Exhaustion catches up with Isner
After his marathon against Mahut, drained 23rd seed almost set another record – for the shortest match ever
Saturday 26 June 2010
The man's problem was obvious from the moment he poked the first serve of the match into the net cord. John Isner simply looked short of practice.
In its way, this 6-0, 6-3, 6-2 annihilation by Thiemo De Bakker proved every bit as excruciating as his unprecedented, 11-hour slog with Nicolas Mahut in the first round. Staggering around the court, in withering heat, Isner threatened to set a record for the shortest match in history, less than 24 hours after winning one that might some day be measured on the geological timescale.
In the final set of that match, Mahut had infamously failed to break his serve in 68 games. Against De Bakker, it took Isner five attempts to hold even once. Receiving, meanwhile, the 6ft 9in American suddenly resembled the Cedar of Lebanon not just in stature, but in mobility.
The larky atmosphere around Court Five soon ebbed into an awkward hush. Isner had been greeted with a standing ovation. When the judge climbed her chair, she must have been tempted to pack a camping stove and electrolytes. But it was immediately apparent that our hero was spent. He lost the first set in 16 minutes.
"It was brutal," he said later. "Things were looking pretty bleak right form the get-go. When I went out there and hit that first serve, and it didn't have much behind it, I knew I was in for some trouble. I also have this pretty nasty blister, on my little toe. That was bothering me, too."
Isner requested a medical time-out, and sprawled on the grass while a masseur vainly pulled and pummelled those ursine shoulders. It seemed he would never again get to his feet, without hydraulic machinery, but you don't wait 70 games for a service break if you're a quitter. He tottered back out, and started winning the odd game with a blend of courage and resignation. But the "unforced" errors proliferated – errors, that is, he would never have made when the force was with him, against Mahut.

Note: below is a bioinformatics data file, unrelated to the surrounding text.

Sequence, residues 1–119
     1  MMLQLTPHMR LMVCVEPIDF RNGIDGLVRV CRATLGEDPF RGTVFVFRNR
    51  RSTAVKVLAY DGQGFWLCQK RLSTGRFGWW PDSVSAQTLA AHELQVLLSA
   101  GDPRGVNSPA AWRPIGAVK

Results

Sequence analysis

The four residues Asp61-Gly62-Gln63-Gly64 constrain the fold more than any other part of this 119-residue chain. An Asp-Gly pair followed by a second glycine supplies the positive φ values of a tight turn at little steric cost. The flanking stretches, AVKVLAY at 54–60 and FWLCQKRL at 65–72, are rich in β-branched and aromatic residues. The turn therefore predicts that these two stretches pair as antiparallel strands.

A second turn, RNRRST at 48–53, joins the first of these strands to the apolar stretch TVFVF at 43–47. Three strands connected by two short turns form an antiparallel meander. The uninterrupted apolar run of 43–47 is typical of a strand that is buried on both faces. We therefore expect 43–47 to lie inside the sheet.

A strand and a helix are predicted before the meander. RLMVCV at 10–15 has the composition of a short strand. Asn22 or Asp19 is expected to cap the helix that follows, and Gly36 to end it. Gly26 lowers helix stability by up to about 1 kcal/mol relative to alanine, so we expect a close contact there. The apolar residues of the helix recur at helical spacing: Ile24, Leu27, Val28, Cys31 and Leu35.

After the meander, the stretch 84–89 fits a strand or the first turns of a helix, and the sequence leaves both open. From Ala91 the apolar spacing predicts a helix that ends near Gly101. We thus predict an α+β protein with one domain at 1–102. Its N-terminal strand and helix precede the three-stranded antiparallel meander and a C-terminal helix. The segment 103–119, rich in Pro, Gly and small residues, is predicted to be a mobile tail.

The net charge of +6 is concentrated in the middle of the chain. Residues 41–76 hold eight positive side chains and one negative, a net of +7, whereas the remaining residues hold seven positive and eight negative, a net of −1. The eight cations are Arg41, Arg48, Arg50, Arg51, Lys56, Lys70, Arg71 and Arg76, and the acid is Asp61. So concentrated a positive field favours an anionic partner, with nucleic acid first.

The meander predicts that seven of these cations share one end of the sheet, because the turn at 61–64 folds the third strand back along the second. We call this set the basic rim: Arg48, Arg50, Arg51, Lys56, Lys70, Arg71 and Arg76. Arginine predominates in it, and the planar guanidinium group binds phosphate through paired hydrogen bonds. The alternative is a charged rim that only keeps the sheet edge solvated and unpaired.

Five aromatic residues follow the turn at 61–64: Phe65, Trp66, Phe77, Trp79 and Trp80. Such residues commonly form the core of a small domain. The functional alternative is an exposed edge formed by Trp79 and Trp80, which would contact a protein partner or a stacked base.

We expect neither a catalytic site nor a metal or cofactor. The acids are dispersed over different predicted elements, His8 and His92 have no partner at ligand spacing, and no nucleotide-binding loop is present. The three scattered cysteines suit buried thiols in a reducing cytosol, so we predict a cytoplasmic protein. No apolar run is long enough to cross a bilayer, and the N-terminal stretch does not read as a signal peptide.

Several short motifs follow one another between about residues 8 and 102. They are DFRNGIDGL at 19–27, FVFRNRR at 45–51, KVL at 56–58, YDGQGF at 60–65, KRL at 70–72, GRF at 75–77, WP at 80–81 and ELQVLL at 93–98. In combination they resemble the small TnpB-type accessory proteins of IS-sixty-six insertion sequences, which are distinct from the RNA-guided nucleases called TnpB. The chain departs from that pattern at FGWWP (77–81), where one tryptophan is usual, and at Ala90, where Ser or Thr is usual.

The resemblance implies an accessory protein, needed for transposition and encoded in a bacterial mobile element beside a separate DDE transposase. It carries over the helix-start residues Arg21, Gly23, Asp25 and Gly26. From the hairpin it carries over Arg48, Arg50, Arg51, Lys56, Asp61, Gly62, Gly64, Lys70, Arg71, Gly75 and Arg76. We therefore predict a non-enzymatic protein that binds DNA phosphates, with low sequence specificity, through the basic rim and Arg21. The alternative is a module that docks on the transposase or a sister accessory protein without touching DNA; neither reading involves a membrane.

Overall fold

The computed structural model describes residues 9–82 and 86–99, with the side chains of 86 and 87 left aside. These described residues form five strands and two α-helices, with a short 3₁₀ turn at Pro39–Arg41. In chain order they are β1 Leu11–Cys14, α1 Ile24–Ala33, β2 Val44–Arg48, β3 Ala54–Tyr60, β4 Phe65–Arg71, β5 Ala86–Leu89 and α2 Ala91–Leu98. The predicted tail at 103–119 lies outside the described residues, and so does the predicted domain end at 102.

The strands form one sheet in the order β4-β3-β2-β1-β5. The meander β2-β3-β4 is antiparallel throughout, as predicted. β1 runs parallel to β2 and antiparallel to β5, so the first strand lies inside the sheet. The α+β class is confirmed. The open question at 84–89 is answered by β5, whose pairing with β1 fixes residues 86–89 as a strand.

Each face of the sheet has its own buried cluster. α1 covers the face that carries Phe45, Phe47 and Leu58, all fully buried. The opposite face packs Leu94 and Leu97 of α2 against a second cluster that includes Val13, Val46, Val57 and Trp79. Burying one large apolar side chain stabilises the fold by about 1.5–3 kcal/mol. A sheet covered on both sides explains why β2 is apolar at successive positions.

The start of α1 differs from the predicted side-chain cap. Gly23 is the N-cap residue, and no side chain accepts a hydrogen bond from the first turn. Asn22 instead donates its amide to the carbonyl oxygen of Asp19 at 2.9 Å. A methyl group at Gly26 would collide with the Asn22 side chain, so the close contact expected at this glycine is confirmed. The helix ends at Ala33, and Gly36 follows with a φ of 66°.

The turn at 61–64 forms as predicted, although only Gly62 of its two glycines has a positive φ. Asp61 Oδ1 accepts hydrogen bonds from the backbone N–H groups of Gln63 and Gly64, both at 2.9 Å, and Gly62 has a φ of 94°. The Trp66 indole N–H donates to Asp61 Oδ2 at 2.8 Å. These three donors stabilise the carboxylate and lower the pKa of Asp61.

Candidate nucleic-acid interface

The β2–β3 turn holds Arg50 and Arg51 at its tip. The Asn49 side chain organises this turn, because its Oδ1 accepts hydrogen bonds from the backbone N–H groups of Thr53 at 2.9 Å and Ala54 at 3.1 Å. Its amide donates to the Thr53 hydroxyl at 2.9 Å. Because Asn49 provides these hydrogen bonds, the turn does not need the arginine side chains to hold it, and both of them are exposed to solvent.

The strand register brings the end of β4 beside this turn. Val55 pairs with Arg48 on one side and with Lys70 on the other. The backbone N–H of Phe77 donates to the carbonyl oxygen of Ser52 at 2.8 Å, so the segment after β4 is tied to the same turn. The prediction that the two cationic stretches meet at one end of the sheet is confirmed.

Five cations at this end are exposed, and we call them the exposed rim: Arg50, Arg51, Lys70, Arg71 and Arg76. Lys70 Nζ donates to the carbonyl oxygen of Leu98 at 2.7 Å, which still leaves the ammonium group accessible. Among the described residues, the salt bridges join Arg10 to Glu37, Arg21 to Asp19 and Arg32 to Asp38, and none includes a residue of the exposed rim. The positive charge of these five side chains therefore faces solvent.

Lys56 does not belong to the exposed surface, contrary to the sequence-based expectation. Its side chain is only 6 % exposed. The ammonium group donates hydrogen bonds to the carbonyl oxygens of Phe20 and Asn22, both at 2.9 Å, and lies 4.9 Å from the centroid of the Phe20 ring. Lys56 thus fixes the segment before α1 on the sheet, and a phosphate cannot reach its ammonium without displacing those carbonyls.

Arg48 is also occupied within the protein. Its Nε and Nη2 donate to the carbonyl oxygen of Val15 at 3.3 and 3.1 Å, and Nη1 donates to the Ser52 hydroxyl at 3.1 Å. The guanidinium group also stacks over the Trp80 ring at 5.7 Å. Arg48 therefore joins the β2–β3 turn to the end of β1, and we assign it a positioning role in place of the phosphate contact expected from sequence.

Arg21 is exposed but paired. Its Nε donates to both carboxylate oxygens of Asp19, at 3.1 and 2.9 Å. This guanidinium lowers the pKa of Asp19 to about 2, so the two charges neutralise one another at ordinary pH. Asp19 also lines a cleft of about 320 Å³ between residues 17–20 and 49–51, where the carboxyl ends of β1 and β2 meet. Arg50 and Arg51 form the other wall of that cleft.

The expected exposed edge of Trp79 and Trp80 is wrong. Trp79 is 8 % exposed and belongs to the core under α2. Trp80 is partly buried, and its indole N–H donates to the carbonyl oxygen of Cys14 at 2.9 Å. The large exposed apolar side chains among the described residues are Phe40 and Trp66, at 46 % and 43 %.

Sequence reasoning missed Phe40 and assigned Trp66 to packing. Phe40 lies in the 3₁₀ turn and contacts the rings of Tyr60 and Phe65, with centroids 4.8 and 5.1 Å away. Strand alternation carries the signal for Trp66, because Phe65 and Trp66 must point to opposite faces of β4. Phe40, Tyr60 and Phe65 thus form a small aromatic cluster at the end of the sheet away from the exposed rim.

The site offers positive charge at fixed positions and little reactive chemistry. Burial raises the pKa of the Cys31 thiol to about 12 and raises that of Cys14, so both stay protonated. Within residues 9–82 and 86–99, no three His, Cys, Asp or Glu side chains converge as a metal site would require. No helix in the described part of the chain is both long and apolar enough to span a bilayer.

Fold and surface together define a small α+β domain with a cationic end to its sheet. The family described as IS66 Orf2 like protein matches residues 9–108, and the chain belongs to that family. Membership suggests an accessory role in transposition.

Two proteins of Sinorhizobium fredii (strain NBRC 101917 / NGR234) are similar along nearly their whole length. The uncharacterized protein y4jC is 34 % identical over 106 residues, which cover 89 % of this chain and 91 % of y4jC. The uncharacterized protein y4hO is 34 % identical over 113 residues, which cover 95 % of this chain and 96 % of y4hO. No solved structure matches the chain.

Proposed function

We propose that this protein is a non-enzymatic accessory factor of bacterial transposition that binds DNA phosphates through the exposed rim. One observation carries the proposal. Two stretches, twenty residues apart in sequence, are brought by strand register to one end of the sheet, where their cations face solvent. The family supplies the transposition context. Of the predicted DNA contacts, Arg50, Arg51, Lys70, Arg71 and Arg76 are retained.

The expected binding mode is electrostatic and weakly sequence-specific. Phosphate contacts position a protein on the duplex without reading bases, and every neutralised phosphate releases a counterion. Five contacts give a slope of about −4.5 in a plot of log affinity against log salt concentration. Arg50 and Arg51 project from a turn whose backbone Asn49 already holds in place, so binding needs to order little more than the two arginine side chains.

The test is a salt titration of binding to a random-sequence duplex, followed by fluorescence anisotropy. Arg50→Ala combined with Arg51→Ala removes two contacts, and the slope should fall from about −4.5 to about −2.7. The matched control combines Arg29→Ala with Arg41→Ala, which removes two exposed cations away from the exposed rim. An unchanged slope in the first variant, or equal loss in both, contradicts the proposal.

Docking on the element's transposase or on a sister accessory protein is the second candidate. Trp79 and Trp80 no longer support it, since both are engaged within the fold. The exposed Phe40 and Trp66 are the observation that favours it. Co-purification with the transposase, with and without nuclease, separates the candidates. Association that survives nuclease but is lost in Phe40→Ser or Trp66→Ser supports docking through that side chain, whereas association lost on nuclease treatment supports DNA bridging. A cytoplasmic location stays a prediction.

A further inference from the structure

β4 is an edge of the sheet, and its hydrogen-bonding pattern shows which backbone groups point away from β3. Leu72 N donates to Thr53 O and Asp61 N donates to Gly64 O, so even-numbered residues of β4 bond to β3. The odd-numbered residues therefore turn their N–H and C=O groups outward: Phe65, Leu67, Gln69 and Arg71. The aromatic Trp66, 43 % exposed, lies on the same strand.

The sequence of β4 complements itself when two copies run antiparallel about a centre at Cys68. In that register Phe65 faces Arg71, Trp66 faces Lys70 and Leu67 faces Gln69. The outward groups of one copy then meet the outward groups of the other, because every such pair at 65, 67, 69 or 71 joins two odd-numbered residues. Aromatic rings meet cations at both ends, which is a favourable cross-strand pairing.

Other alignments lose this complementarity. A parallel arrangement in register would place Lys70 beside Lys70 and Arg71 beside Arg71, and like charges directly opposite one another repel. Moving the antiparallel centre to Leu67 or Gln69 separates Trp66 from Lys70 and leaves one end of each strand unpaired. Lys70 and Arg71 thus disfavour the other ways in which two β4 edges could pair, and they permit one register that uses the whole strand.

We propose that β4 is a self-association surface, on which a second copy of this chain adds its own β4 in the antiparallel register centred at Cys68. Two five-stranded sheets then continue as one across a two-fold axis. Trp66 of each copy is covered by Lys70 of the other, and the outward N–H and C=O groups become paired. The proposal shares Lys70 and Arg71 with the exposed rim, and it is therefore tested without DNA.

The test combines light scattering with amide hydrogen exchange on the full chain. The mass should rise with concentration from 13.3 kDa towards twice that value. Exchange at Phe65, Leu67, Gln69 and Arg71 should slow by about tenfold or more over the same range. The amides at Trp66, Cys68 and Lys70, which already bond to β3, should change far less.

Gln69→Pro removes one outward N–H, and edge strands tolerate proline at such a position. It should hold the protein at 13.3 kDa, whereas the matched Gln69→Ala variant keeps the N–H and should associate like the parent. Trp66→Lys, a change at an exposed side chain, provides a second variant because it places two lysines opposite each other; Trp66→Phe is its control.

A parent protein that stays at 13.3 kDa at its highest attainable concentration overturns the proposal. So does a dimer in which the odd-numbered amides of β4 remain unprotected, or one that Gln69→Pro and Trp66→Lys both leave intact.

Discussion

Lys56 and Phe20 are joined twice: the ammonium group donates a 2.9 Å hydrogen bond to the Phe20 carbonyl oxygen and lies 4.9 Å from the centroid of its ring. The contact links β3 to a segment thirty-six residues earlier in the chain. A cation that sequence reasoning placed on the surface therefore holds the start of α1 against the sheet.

It was all over in 75 minutes. Against Mahut, he had fired a record 112 aces. Yesterday he could not muster one. De Bakker had himself gone to a 16-14 decider in the first round, but Isner's marathon had afforded him an extra day off. He acknowledged his fortune in drawing a tennis carcass in the second round. "That's nothing any more, 16-14," he marvelled. "I mean, 70-68, that's pretty sick."
Where Isner had been in the zone against Mahut, now he was merely spaced out. These states of mind are pretty contiguous, mind you. The spell was broken, but the trance remained. Within this void, moreover, Isner could perhaps sense a hollowness more challenging than any physical exhaustion. For this was the first day of the rest of his life. And, at 25, Isner must sense that he may never again retrieve either the same attention, or the same adrenaline. Some day he will have to come back and win this championship, or be condemned to crave forever a lost elixir.
Dealing with that reality may demand as much fortitude as his duel with Mahut. The longer they had clung on, the higher up the precipice they climbed. And the spur was no longer the summit, no longer ambition – it was dread. On the face of it, it was Mahut who took the deadly fall, but Isner may yet discover that they had been roped together all along. Having played a match that had touched the hem of eternity, they must somehow come to terms with being stripped back down to their mortal limitations – in their talent, in their careers, in their daily quest for those illusory hours of invulnerability.
In the meantime, sudden fame will doubtless offer Isner unexpected commercial opportunities. But the world No 19's priority must be to turn the hole he dug with Mahut into a foundation, rather than an abyss. "I guess it showed how good a competitor I am," he said. "Same goes for Nicolas. The way we both competed out there was pretty stellar. Off the court, I don't know how my life's going to change. But I do think I have the game to do very well here. It's just a matter of making a couple of adjustments in my game."
John McEnroe, an astonished witness of all this, recalls leaving his chair during the longest engagement of his own career, against Boris Becker. As he walked towards the baseline, he turned round – and "saw myself still sitting in the chair".
After finally succumbing on Thursday, Mahut had been sent back to the same court for a doubles match, only for play to be suspended for bad light. "I thought that was just evil, really," Isner grinned. He quit his own doubles engagement yesterday. But now he must spend the rest of his career somehow making sure that there are not two John Isners.
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